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UWArboretum Winter Enrichment Series

February 11 @ 10:00 AM - 11:30 AM

|Recurring Event (See all)

An event every week that begins at 10:00 AM on Thursday, repeating until April 8, 2021

The Arboretum’s long-running Winter Enrichment series offers lectures for naturalists in the greater Madison area as well as for volunteers, friends, and community members.

2021 Winter Enrichment Lectures

During this year’s series, you will hear about innovative approaches and cultural perspectives that address environmental challenges. The 2021 lectures will be virtual on Thursday mornings, February 4 through April 8, from 10 to 11:30 a.m.

Lectures are $10 each and advance registration is required. Talks will begin promptly at 10 a.m. (CST).

Most lectures will be recorded. A link to view the recording will be available to registered participants only. Recordings will be available for one week after the talk. If a lecture will not be recorded, it is noted in the event listing below.

The Research Symposium will take place February 18 and, as always, is a free event (registration required for 2021 virtual symposium).

2021 SERIES

Registration opens January 4.

February 4
Relationships, History, Hip Hop, and Forestry: Thinking About Diversity and Inclusion in the Environmental Sciences. Thomas Easley, Assistant Dean of Community and Inclusion, Yale University, Yale School of the Environment. Register by January 31.

February 11
Traditional Ecological Knowledge and Biodiversity Conservation. Robin Kimmerer, Distinguished Teaching Professor, College of Environmental Science and Forestry, State University of New York. Register by February 7.
NOTE: This lecture will not be recorded.

February 18
Arboretum Research Symposium. Students, faculty, and other researchers will present findings from projects on Arboretum lands and in the Lake Wingra watershed. Free. Register in advance. The Research Symposium will be 10 a.m. to 12 p.m. About the Arboretum Research Symposium»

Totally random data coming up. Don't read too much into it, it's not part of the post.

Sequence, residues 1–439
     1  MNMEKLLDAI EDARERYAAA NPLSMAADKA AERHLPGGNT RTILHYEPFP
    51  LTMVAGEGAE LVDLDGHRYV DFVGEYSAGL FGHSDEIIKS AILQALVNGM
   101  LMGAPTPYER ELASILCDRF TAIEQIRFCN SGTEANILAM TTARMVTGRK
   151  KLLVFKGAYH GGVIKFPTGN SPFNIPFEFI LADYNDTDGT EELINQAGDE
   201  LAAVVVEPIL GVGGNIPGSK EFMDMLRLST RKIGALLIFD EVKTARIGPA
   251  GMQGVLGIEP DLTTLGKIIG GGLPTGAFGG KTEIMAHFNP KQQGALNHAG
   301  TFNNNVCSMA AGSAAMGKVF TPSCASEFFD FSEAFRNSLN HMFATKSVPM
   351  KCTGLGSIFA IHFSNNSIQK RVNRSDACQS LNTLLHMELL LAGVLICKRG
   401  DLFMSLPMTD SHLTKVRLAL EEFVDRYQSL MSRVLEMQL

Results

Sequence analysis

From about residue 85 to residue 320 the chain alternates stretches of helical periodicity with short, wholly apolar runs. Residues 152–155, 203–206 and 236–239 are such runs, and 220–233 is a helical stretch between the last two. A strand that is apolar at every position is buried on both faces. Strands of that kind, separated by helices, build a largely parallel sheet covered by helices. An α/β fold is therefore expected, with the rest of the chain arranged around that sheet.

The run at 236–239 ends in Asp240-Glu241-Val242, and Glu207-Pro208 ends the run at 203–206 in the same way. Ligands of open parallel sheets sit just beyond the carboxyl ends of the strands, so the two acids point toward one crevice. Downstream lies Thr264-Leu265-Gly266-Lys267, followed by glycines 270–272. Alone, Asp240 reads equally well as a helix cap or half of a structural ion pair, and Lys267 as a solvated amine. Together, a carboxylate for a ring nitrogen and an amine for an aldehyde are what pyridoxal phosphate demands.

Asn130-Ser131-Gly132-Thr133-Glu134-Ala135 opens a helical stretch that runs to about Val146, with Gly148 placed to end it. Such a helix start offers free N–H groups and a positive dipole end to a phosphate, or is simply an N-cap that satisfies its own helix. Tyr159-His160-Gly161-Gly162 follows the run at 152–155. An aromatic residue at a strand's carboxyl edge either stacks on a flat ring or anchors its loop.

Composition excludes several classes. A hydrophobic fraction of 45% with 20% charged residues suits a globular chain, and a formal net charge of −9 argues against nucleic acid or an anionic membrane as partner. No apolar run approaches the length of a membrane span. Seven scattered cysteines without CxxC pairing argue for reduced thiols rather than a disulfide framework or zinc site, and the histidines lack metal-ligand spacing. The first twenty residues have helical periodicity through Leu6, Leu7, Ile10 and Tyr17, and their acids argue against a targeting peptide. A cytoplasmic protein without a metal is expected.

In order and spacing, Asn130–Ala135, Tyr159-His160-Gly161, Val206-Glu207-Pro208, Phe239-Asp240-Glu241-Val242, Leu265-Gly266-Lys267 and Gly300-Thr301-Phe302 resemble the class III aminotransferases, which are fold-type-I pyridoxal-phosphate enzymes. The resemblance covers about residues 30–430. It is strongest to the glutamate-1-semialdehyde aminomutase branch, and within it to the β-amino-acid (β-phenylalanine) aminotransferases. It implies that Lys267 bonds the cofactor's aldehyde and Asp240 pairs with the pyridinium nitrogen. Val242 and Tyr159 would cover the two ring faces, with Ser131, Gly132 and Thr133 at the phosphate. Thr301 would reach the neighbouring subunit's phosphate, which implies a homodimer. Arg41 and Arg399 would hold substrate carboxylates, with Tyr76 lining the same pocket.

February 25
How Microbes Shape Our Lives, Transform the Environment, and Influence Climate Change. Charlotte Francoeur, Ph.D. Student, Department of Bacteriology, UW–Madison. Register by February 21.

March 4
Holy Ground: Working with Faith and Indigenous Leaders to Build Resilience. Dekila Chungyalpa, Director, Loka Initiative, Center for Healthy Minds, UW–Madison. Register by February 28.

March 11
Beyond the Clinical Walls: Environmental Determinants of Health. Jamie Ferschinger, Director, and Stephanie Mercado, Neighborhood Revitalization Coordinator, Department of Environmental Health, Sixteenth Street Community Health Centers. Register by March 7.

March 18
Climate Change and Wisconsin’s Forests: What We Know, What We Expect, and How to Adapt. Stephen Handler, Climate Change Specialist, United States Department of Agriculture Forest Service and Northern Institute of Applied Climate Science. Register by March 14.

March 25
Treaty Rights, Culturally Important Beings, and Indigenous-led Climate Adaptation in the Ojibwe Ceded Territories. Robert Croll, Policy Analyst and Climate Change Program Coordinator, and Hannah Panci, Climate Change Scientist, Great Lakes Indian Fish and Wildlife Commission. Register by March 21.

April 1
Using Markets to Achieve Conservation: Examples from the Field. Dominic Parker, Associate Professor, Agricultural and Applied Economics, UW–Madison. Register by March 28.

April 8
Climate Change, Reality versus Development: Global South and Worldwide Perspective. Marie-Josée Paula Houénou, specialist in climate change and environmental law and strategies, and city advisor, Abidjan, Côte d’Ivoire, and a 2018 Mandela Washington Fellow at UW–Madison. Register by April 4.

Venue

virtual